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Japanese picnic foods

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  • Joshua Badgley
    Getting ready for spring, I am so excited because I finally get a Japanese event to go to! Lady Elsbeth of the Barony of Eskalya (Anchorage) in the
    Message 1 of 1 , Jan 23, 2001
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      Getting ready for spring, I am so excited because I finally get a Japanese
      event to go to! Lady Elsbeth of the Barony of Eskalya (Anchorage) in the
      Principality of Oertha (Central and Western Alaska) is proposing a Flower
      Viewing festival for the 28th of April; when I heard about this at the
      Coronet last weekend, I was ecstatic, and felt I had a giri to help in any
      way I can.

      Lady Elsbeth would like for this to be a 'picnic' like event with Japanese
      picnic foods, and I am trying to figure out a) what are good, doable,
      'picnic' foods and b) which, if any, would be period. Thus, I turn to the
      list.

      Some thoughts I had on food in general: Miso soup and rice seem to be a
      great staple. However, the miso soup is not so good for carrying around
      outdoors, I would think.

      O-bentou (boxed lunches) might be one idea. My only worry here is that
      the cost of making o-bentou for everyone might be prohibitive. However,
      we could make everything that would go in an o-bentou and then have the
      people pick and choose off of a table or some such. I would prefer to
      have it arranged, though, as that seems to be just as much a part of the
      experience as the taste.

      Would tako-yaki be a new food, or was that served in the Sengoku Jidai?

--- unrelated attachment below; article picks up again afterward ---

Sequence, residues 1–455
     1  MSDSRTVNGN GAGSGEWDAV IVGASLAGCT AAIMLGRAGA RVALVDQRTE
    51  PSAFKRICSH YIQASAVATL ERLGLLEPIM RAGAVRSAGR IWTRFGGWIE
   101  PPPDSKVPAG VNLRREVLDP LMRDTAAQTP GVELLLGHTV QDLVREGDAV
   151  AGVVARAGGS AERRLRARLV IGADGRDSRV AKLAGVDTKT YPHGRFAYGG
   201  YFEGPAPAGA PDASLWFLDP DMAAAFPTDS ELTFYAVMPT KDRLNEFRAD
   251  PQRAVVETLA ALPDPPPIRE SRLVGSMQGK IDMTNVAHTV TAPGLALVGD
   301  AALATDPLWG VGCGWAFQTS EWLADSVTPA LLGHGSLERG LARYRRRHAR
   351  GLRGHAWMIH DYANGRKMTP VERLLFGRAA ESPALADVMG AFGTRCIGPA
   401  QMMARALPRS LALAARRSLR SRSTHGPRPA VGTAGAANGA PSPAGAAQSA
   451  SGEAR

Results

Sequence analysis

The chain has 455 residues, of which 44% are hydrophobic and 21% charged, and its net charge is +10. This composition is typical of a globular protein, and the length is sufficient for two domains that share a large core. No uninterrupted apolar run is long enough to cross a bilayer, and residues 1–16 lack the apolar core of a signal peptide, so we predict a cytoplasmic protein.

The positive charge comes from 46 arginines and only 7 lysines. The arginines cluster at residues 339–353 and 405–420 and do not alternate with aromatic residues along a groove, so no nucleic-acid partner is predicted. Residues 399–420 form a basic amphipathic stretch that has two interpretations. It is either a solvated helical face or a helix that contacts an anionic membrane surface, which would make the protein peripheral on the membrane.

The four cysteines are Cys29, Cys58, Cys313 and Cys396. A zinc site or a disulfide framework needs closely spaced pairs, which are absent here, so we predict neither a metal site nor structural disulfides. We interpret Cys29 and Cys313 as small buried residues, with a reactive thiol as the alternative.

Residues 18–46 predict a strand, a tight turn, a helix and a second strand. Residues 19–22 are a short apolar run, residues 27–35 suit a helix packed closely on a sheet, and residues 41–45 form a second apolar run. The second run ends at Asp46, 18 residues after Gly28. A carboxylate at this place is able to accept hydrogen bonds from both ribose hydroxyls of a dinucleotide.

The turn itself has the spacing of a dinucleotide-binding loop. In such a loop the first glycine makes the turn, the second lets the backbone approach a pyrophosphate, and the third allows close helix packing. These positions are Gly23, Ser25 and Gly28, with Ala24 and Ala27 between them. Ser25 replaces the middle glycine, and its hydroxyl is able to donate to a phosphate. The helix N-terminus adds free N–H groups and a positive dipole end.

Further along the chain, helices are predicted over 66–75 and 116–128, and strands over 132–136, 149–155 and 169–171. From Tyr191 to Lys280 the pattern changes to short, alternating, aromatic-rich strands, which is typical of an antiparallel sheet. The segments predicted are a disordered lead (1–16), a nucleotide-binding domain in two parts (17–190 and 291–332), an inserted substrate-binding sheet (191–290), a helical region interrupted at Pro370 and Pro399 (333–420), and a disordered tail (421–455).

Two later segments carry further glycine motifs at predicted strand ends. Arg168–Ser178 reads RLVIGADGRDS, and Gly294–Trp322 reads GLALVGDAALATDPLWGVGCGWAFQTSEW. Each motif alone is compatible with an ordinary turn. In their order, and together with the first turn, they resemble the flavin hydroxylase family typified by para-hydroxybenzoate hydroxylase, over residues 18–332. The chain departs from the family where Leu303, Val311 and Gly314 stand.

Also, what about sushi?

      Now, most people here will probably want the rolled sushi, as that is what
      they are used to. Personally, I prefer sushi as a bed of vinegar and rice
      with some topping and maybe a strip of seaweed holding it together.
      Sushi worries me, though. I'm not sure if I trust sashimi outside of a
      restaraunt and trained chefs.

      BTW, has tamago-zushi--egg sushi, with scrambled egg--been a traditional
      type of sushi since before 1600, or is it more modern? Regardless I might
      suggest it as an idea for those who don't care for sushi, so that they
      have something to eat.

      Pickeled anything seems quite popular now; was it also popular back then?
      I think O-nigiri would be good, especially with umeboshi (pickled plum).

      Now I just hope that New Sagaya has everything that we are going to need.

      Anyway, I know what I consider Japanese foods, but I don't know what, if
      any, are period. Any help would be greatly appreciated.

      Also, any suggestions for a 'flower viewing festival' would be appreciated
      and I'll pass them along. Currently there are contests for best Japanese
      garb, a Japanese weapons tournament (get all those pesky shields out of
      the way!), and I am going to sponsor a poetry contest as well. I'm sure
      we will be thinking of more things as the date draws nearer.


      -Ii Saburou
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